And straightway to fulfil it I'll help as best I can.
Yet in King Gunther's service is many a haughty-minded man.

**And were there yet none other than Hagen, warrior-knight.
He with such haughty bearing is wont to show his might.
That I do fear right sorely that sad our end may be,
If we set out with purpose to win the stately maid for thee."

"Shall we by that be hindered?" outspake Siegfried then;
"Whate'er in friendly fashion I cannot obtain
I'll yet in other manner take that, with sword in hand.
I trow fKMn them I'll further wrest both their vassals and their land."

"I grieve to hear thy purpose," said Siegmimd the king;
"If any one this story unto the Rhine should bring,
Then durst thou never after within that land be seen.
Gunther and Gemot, — ^well known to me they long have been,

"By force, however mighty, no man can win the maid,"
Spaike King Siegmimd further, "to me hath oft been said.
But if with knightly escort thither thou wilt ride,
Good friends — an have we any — shall soon be siunmoned to thy

"No wish," then answered Siegfried, "it ever was of mine.

That warrior knights should follow with me unto the Rhine

As if arrayed for battle: 'twould make my heart full sad,

To force in hostile manner to yield to me the stately maid.

"By my own hand — thus only — trust I to win my bride;
With none but twelve in company to Gunther's land I'll ride.
In this, O royal father, thy present help I pray."
Gray and white fur raiment had his companions for the way.


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Siegelind his mother then heard the story too,
And grieved she was on hearing what her dear son would do^
For she did fear to lose him at hands of Gunther's men.
Thereat with heart full heavy began to weep the noble queen*

Then came forth Sir Siegfried where the queen he sought.
And to his weeping mother thus gently spake his thought:
"No tear of grief thou shouldest ever shed for me,
For I care not a tittle for all the warriors that be.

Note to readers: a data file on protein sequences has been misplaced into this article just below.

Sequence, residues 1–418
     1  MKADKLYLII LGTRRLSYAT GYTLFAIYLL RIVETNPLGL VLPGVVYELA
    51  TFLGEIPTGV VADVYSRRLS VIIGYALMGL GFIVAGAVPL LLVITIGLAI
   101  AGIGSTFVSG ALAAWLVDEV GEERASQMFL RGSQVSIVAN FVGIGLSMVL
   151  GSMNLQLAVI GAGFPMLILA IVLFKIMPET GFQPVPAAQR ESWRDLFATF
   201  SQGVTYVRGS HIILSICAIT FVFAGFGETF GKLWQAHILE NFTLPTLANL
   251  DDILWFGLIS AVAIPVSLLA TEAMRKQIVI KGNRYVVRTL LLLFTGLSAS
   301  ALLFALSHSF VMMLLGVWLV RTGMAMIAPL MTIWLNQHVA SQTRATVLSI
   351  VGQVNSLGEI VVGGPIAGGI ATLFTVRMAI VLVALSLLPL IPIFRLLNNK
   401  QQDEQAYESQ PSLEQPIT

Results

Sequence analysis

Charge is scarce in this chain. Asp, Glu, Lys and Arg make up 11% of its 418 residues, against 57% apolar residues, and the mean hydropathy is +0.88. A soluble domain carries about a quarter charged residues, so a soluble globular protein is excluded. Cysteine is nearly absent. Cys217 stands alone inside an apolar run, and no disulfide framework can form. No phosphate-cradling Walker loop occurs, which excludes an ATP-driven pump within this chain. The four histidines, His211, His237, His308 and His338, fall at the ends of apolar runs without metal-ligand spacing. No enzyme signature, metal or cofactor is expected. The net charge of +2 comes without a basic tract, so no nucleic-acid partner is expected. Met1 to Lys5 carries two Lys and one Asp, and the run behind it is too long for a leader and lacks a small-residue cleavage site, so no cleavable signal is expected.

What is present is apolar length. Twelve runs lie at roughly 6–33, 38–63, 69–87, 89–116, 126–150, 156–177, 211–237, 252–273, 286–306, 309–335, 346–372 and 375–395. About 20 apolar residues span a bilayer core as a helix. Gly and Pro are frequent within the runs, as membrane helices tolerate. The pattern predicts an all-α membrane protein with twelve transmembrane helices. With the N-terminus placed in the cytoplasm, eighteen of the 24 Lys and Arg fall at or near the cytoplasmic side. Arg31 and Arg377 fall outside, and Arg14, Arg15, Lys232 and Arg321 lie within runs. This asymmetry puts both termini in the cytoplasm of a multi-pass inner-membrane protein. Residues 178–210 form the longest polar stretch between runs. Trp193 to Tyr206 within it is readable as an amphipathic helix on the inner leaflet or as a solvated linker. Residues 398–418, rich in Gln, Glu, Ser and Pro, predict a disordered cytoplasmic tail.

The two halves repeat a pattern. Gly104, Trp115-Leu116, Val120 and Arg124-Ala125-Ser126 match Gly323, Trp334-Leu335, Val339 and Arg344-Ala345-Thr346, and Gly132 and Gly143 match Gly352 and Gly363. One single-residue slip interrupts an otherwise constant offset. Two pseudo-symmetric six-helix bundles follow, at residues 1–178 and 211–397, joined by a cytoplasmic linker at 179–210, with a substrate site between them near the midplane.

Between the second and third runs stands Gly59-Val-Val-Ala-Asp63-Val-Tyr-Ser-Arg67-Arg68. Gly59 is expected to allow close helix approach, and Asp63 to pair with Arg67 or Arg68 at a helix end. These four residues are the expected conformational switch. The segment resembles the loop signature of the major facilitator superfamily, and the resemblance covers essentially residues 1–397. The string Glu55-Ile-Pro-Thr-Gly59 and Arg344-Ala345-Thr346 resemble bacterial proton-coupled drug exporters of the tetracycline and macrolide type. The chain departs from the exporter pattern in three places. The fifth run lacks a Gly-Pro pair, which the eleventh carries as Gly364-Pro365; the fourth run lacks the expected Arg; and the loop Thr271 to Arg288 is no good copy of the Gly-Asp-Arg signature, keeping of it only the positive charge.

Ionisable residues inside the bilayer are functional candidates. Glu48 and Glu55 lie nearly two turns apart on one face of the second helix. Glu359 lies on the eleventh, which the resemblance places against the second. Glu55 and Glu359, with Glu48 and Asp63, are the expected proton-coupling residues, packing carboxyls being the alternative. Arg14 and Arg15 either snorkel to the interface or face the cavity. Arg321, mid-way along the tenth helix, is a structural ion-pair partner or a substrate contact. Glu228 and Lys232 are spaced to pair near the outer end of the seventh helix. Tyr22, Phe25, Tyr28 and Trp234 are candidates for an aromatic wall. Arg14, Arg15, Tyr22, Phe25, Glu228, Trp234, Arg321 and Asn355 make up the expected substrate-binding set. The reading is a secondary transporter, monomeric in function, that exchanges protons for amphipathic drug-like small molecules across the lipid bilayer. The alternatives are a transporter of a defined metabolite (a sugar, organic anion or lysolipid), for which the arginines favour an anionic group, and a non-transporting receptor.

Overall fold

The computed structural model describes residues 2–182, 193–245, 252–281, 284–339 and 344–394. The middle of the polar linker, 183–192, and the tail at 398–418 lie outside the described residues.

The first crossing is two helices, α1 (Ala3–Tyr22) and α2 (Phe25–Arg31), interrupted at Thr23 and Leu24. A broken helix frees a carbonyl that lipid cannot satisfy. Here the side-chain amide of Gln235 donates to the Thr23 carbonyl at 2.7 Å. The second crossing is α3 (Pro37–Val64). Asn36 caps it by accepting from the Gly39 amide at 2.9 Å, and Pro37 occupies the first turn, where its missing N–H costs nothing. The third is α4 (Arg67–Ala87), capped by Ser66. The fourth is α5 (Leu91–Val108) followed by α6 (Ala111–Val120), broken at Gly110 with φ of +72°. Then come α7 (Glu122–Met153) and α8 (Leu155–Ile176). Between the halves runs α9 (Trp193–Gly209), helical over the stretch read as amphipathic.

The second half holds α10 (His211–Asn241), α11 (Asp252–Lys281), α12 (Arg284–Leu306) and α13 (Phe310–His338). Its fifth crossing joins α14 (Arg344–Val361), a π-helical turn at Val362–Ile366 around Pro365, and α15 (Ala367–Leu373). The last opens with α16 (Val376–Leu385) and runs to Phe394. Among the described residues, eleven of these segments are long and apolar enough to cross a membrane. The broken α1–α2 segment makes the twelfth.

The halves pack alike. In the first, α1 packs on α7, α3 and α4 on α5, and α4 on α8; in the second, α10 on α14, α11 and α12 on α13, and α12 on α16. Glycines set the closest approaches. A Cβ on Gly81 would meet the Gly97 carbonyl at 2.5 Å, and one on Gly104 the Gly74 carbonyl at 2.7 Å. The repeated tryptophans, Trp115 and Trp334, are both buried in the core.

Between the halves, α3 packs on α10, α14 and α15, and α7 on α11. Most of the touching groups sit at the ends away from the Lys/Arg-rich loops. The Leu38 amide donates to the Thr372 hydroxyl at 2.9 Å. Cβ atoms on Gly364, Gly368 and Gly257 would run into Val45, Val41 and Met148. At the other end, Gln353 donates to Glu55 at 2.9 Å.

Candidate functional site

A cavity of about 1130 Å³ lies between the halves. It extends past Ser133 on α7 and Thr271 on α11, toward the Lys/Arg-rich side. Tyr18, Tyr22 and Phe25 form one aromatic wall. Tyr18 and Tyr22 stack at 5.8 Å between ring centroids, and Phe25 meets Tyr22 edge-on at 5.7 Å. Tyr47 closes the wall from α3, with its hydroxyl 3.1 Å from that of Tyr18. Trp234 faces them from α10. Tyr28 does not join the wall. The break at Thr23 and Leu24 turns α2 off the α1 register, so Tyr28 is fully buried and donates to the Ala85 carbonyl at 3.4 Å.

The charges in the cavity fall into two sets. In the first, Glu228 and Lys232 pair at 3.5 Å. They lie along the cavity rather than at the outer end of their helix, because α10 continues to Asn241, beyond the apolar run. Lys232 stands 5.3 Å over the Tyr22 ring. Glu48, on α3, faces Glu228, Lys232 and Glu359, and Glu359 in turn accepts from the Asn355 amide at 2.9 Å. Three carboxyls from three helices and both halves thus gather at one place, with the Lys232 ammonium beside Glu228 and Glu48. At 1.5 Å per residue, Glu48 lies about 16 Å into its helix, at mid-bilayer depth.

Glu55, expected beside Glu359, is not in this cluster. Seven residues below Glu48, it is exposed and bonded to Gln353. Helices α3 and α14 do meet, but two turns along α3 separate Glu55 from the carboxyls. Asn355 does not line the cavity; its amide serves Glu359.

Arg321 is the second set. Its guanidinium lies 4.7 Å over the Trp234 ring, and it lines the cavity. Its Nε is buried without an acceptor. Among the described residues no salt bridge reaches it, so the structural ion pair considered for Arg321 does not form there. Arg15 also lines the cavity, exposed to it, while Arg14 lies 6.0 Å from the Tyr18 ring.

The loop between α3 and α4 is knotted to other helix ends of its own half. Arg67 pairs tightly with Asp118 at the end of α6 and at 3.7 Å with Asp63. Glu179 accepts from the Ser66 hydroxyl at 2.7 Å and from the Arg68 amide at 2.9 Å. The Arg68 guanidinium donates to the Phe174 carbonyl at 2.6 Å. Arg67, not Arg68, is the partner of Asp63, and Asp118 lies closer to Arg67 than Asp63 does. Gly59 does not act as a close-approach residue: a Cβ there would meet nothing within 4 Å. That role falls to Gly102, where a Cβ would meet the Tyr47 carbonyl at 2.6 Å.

"So help me on my journey to the land of Bm-gundy,
And furnish such apparel for all my knights and me.
As warriors of our station might well with honor wear.
Then I in turn right truly to thee my gratitude will swear.*'


"Since thou wilt not give over," Siegelind then repliMt,
"My only son, I'll help thee as fits thee forth to ride.
With the best apparel that riders ever wore,
Thee and thy companions: ye shall of all have goodly store."

Then bowed the youthful Siegfried the roysl dame before,
And said: "Upon the journey will I take no more.
But twelve good knights only: for these rich dress provide,
For I would know full gladly how 't doth with Kriemhild betide."

Then sat at work fair women by night and eke by day,
And rest indeed but Httle from busy toil had they.
Until they had made ready the dress Siegfried should wear.
Firm bent upon the journey, no other counsel would he hear*

His father bade a costly garb for him prepare,
That leaving Siegmund's coimtry he the same might wear.
For all their glittering breastplates were soon prepared beside,
And helmets firmly welded, and shining shields long and wide.


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Then fast the day grew nearer when they should thence depart
Men and likewise women went sorrowing in heart,
If that they should ever see more their native land.
With full equipment laden the simipter horses there did stand.

Their steeds were stately, furnished with trappings rich with gpld;